CHARLOTTE, N.C. — Betsy Thorpe, 52, is a single mom working on putting her two daughters through college. As an editor, she works from home and last fall felt like she had to do something to help fight the virus.
"It's partly from the guilt that I’m not a frontline worker and I’m not really helping in any way," Thorpe said.
Thorpe saw an ad on Instagram, joined a local Pfizer trial and got her first shot in September. At first, she didn’t feel a thing.
"I thought I had gotten a placebo and then after dinner, I started feeling uncomfortable, a little achy so I took Tylenol PM to help me sleep and then about 2 in the morning I felt flu-like symptoms," she recalled. "I was achy and all my joints hurt and I took some more Tylenol and I woke up the next morning and I was completely fine."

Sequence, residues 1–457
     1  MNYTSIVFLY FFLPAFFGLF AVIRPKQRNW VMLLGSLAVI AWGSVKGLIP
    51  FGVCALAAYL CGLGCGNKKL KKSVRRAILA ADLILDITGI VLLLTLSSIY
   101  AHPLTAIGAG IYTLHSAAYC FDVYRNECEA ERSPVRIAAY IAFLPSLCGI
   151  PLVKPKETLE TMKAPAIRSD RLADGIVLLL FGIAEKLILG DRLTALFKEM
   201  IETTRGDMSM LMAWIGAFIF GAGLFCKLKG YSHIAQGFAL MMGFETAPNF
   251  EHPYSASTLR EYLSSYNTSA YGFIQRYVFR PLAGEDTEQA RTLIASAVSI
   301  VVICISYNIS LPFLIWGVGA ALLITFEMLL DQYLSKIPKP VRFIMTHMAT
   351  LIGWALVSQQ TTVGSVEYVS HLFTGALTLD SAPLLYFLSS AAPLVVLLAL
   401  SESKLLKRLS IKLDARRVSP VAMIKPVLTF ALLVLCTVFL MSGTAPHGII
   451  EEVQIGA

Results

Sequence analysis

She got the second shot as well and then antibody testing and they’re still monitoring her and the other trial participants in charlotte and across the country.
"What's happening now they want to see how long the shot is effective and t you continue to have antibodies in your system," she said.
Her own parents are scheduled to get the vaccine later this week and she’s hoping everyone will get vaccinated when they can.
"Covid isn’t going to go anywhere without a major intervention like everybody getting the vaccine as soon as possible so I’m super happy that it's out," she said.
Thorpe said she hasn’t any issues since that first day and said she’s completely healthy. While she’s almost positive she got the actual vaccine – all trial participants who got the placebo will be given the actual vaccine this March.